Li Andersson (Left Alliance), Sanna Marin (SDP), Pekka Haavisto (Greens) and Juha Sipilä (Centre) took part in a climate debate hosted in Helsinki on Wednesday by Maaseudun Tulevaisuus. (Credit: Markku Ulander – Lehtikuva)

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THE SOCIAL DEMOCRATIC PARTY came under pressure to clarify its position on forest harvesting in Finland at a debate event organised on Wednesday by Maaseudun Tulevaisuus and the Central Organisation of Agricultural Producers and Forest Owners (MTK).

Antti Rinne, the chairperson of the opposition party, stirred up concerns about the future of planned pulp mills in the country last autumn by stating repeatedly that the logging volumes cannot be raised.

Jouni Kemppainen and Niklas Holmberg, the hosts of the event from Maaseudun Tulevaisuus, asked Sanna Marin (SDP), who stood in for the indisposed Rinne, to clarify the position of the Social Democrats.

Rinne became ill with pneumonia at the turn of the year while on a holiday in Spain. He is expected to be on sick leave until the end of January.

“I’ve asked researchers and the Finnish Climate Change Panel many times to tell me what’d be the right harvesting level in terms of climate and biodiversity, but they haven’t been able to give me an answer,” replied Marin. “So I’m not able to give you an exact number of cubic metres for what’s the right level.”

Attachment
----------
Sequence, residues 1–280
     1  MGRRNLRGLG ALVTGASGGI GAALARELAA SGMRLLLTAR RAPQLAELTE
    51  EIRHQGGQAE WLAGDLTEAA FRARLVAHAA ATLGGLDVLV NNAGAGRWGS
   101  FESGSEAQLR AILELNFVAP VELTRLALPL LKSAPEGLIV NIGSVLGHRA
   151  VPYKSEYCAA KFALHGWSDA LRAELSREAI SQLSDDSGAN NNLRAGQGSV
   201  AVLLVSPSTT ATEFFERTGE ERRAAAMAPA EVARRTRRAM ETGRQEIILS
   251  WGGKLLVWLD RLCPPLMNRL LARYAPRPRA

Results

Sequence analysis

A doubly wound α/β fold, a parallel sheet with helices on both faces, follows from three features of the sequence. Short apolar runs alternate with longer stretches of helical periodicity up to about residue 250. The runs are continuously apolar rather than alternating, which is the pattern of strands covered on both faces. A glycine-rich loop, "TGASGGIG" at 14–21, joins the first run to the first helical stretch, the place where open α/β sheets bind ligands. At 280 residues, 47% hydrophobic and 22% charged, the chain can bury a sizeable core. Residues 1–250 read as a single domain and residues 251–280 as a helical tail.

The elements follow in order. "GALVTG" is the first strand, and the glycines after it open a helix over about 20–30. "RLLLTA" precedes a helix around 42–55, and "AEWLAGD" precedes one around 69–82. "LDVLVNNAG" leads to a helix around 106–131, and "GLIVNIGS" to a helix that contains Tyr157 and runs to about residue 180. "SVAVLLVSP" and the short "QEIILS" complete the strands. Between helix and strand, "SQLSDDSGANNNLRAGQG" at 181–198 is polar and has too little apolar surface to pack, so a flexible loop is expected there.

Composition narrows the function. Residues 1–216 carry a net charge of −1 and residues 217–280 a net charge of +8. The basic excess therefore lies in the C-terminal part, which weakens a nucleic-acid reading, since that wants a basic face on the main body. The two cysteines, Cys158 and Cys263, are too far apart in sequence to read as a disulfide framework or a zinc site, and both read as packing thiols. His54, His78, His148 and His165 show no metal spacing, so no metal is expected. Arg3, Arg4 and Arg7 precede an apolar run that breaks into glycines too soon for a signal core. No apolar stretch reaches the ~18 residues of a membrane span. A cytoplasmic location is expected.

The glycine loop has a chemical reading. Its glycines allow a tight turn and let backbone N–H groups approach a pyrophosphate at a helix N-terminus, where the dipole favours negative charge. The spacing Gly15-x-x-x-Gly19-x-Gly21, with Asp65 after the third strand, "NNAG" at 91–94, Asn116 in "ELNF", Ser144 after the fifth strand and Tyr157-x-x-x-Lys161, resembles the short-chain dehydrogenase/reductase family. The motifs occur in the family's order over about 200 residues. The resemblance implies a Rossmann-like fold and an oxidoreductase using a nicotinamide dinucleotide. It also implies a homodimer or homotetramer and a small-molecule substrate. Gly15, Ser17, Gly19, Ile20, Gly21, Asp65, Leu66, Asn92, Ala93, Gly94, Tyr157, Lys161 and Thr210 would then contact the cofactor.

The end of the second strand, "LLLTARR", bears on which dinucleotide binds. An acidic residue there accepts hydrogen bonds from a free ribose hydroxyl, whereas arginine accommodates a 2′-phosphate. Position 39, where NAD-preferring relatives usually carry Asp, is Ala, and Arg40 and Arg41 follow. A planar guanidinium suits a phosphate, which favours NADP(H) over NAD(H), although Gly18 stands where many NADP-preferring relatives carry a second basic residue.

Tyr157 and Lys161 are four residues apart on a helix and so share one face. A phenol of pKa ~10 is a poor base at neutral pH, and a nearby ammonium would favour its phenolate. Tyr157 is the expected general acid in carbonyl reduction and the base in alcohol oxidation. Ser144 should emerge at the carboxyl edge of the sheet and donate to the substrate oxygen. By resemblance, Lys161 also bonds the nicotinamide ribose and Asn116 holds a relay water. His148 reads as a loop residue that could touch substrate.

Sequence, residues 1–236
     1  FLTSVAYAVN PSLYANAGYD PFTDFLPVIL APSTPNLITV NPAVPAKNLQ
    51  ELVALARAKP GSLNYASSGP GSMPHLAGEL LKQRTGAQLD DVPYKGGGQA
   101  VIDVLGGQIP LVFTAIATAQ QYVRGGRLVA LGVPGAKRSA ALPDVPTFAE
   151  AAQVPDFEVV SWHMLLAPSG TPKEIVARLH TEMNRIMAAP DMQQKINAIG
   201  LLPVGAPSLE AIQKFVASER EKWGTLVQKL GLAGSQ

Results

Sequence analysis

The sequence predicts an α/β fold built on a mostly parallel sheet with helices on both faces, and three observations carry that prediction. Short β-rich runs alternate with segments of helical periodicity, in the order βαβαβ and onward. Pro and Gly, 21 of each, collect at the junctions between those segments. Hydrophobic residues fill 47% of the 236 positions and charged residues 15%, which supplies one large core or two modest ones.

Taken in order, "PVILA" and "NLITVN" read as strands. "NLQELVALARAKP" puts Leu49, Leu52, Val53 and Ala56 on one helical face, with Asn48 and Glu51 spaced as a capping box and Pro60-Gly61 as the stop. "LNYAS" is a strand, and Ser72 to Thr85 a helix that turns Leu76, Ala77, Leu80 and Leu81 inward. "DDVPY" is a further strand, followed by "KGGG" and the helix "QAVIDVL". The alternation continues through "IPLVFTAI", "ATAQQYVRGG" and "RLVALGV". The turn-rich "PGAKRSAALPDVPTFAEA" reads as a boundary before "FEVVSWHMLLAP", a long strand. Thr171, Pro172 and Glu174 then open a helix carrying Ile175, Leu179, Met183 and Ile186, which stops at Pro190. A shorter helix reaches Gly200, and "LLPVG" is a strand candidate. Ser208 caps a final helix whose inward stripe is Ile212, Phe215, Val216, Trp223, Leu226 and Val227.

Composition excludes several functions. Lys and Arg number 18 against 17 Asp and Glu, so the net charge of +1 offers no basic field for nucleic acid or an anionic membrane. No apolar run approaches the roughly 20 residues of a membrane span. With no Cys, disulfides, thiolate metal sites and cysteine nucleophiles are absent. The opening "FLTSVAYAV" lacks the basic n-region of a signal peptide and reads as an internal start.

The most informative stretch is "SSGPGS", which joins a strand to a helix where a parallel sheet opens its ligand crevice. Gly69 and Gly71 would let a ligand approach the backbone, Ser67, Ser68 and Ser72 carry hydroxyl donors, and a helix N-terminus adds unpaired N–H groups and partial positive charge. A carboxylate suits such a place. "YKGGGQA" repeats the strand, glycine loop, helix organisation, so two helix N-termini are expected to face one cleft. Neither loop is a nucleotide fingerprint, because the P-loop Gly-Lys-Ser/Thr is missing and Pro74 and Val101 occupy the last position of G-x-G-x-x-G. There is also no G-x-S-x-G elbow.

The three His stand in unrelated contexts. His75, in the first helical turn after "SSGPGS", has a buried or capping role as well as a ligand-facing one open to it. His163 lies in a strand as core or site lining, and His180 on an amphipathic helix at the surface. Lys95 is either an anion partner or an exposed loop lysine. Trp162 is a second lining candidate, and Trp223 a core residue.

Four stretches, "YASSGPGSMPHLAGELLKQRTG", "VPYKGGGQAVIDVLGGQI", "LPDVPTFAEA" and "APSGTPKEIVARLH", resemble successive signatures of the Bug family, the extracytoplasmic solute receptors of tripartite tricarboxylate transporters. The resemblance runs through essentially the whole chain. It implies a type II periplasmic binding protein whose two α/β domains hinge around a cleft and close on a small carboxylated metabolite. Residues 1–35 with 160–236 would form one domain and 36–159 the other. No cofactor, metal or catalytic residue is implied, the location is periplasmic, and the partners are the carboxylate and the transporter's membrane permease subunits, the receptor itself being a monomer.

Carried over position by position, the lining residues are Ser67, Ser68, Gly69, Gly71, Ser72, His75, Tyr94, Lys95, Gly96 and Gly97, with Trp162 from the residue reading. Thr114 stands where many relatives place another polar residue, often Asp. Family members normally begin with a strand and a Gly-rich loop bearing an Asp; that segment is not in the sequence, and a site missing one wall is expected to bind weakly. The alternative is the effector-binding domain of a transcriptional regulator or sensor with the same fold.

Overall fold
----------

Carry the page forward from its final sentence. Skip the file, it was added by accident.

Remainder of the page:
She added that it is pivotal to adopt an impactful carbon sink policy for the land-use sector before making any decisions on timber harvesting volumes. “What’s most important is that Finland’s carbon sinks grow,” she explained.

“If the sinks grow, the harvesting volume can be increased.”

Her reluctance to provide a direct answer provoked a pointed response from both Minister of Finance Petteri Orpo (NCP) and Prime Minister Juha Sipilä (Centre).

“You can generally say based on the knowledge we have of the size of our carbon sinks that it’s possible to increase harvesting slightly in Finland,” said Orpo.

“That’s why the SDP’s position – which is still unclear to me at least – is problematic, because we’ve got major investments underway all over Finland. And if don’t think it’s possible to increase harvesting in accordance with our current understanding, then the investments will be put on hold. This is a very big question,” he stressed.

Sipilä, in turn, argued that policy makers must be able and prepared to make decisions based on information available to them at any given time and provide an answer to a simple yes-no question.

“That goes also for the SDP,” he said.

Both Marin and Li Andersson, the chairperson of the Left Alliance, also drew attention to the fact that the formulas used by the National Resources Institute Finland (Luke) to calculate the size of carbon sinks are not public.

“Other researchers can’t evaluate them,” said Andersson.

Aleksi Teivainen – HT
Source: Uusi Suomi

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